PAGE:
David Thompson Reaches the Top on New EP the wall
Whatever else he indicates, displays, or reveals on his latest release, the EP the wall, David Thompson is an accomplished vocalist. Keep in mind, this complimentary observation includes the fact that the artist is also a producer, a musician, and a songwriter.
Still, it’s his vocals that hit home (and the hardest) on this five-track outing. All jesting aside, he comes in like Prince on “clair”, the most accessible number on the collection. Other times he sounds like David Bowie or somebody, which is the case at the outset of his verses on “time”. In fact, his penchant for switching styles—and voices, so far as this reviewer’s concerned—is something not easily learned in the vocal booth, and a point of distinction between the talented and those that merely work hard.
Plus, for the majority of the oeuvre he unveils a sound and style that are distinctly his own, as is the case on “the wall”. The tempo on this one is so quick it almost catches you by surprise, while his algorithmic sounding square bass nearly pummels you with intensity. But his singing’s certainly the best part. It’s both textured and pitched, emotional and, somehow, revelatory.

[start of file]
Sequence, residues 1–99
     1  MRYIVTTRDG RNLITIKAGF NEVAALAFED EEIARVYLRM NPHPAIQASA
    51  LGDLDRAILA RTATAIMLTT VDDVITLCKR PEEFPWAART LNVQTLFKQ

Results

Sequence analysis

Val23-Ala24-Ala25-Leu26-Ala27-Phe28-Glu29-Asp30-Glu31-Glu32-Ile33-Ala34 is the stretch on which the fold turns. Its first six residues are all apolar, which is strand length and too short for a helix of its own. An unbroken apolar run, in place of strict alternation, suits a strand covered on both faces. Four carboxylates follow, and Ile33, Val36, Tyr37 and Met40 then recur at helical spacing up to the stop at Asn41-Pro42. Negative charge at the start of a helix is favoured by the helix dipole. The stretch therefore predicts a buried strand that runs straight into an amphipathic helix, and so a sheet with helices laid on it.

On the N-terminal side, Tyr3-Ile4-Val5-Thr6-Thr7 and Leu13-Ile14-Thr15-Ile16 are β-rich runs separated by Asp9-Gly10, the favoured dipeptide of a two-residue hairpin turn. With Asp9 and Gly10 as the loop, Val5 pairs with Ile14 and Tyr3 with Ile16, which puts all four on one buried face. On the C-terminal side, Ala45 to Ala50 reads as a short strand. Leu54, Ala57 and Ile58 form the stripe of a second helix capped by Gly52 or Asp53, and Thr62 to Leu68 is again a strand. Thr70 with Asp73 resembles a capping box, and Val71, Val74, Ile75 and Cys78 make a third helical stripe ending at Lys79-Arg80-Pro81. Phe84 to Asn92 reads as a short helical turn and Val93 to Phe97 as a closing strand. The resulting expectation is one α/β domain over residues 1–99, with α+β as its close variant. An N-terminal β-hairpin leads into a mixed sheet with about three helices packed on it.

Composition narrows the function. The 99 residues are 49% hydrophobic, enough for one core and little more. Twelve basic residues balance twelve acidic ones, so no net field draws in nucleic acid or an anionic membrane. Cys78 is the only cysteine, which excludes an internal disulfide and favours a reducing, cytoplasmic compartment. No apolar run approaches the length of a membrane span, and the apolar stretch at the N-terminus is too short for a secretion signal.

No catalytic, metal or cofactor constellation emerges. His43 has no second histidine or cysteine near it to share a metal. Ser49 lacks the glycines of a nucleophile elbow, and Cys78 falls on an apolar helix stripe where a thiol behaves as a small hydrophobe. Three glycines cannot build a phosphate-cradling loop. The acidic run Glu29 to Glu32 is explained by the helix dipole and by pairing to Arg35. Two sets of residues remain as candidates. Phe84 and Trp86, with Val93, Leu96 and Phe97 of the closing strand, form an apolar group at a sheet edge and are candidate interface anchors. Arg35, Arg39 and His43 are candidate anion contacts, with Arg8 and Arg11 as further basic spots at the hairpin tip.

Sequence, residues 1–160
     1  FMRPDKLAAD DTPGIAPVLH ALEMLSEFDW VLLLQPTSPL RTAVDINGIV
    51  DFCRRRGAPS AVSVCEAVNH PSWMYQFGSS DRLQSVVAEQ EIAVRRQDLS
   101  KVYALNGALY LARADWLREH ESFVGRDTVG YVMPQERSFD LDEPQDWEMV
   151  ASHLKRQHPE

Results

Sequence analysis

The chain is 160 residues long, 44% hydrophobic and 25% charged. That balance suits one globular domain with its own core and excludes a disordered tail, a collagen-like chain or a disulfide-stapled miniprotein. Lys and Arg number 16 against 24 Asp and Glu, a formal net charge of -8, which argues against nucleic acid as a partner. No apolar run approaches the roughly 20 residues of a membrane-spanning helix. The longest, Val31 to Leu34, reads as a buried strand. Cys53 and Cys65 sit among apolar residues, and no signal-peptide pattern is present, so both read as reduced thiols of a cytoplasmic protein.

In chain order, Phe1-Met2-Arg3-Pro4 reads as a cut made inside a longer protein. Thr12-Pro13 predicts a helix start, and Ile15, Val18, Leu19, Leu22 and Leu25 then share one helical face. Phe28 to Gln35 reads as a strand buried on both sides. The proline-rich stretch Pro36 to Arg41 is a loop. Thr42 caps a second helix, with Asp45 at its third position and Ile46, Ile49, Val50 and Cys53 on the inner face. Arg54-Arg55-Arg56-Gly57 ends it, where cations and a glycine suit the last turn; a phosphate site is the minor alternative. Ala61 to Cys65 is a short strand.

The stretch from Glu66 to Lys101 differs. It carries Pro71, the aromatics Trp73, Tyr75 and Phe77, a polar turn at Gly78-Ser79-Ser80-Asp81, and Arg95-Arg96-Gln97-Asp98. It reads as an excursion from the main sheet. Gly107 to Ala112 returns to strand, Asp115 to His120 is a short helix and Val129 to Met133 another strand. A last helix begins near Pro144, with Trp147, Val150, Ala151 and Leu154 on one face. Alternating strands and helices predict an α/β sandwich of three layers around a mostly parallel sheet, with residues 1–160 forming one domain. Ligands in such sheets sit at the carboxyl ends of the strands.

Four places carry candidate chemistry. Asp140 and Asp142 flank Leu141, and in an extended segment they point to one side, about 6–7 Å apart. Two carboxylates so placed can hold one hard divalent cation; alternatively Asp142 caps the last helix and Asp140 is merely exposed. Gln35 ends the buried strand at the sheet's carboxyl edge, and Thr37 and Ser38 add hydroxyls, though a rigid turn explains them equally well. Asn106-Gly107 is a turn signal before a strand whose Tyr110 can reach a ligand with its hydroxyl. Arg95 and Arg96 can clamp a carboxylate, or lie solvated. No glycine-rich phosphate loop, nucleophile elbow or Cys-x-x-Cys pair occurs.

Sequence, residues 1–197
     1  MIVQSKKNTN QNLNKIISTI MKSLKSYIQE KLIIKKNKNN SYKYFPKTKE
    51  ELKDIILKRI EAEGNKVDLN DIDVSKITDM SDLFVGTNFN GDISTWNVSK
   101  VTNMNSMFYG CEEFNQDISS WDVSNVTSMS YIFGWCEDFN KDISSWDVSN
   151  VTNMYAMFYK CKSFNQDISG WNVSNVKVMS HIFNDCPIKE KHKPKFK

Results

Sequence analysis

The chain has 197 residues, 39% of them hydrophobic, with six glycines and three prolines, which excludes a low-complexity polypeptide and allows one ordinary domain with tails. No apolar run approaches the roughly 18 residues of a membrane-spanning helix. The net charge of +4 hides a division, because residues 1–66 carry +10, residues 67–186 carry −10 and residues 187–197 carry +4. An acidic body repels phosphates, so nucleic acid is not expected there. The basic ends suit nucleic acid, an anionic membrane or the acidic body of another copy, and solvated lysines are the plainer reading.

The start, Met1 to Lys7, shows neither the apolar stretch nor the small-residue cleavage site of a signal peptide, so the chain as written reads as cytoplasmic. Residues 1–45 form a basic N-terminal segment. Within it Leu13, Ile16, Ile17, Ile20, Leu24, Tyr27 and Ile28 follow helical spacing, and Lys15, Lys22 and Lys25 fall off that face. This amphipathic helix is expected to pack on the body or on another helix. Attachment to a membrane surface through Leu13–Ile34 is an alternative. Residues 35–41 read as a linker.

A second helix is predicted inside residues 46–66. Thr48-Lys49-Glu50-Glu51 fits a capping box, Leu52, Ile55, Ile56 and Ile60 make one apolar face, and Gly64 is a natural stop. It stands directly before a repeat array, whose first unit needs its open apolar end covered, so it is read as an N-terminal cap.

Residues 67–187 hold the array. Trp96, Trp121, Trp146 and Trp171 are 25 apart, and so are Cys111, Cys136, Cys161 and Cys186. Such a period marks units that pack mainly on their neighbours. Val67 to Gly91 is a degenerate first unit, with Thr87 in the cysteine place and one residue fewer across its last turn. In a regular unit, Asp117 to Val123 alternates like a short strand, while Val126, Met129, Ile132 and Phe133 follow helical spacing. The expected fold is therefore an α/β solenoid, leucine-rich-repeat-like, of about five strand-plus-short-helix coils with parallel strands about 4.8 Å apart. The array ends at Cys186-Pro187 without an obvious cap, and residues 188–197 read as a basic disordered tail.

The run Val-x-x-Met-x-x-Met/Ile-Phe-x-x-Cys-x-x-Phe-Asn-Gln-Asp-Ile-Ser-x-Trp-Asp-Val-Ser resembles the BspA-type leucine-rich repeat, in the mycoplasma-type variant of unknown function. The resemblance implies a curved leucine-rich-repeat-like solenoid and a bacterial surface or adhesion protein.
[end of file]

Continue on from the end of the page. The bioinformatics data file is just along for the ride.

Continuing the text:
“the wall” is one of two joints on which Thompson is joined by Howe Pearson on lead guitar on the project. The other is the aforementioned “clair”, which is the brightest, most chromatic tune of them all—due in no small part to Pearson’s strumming. The bassline bounces, the drum track moves, and the listener’s doused in waves of guitar, all of which makes for an attractive number. With the live sounding drum breakdowns and Thompson’s crooning, you can easily hear “clair” on the airwaves of any credible radio station—if not tugging at the strings of a young woman’s heart.
The EP’s opener, “time”, is an interesting effort. Although some artists eschew words for scatting or pure melodies bereft of lyrics on their hooks, Thompson is one of the few singers to sidestep any singing at all on the chorus, which he does on “time” and is much more typical of rappers than popsters. That omission is ripe for showcasing his production talents as he brings in some screechy, heavily synthesized sound that actually elevates the number.
With this admixture of vocalizing and producing, there’s no telling what direction the artist will head in next.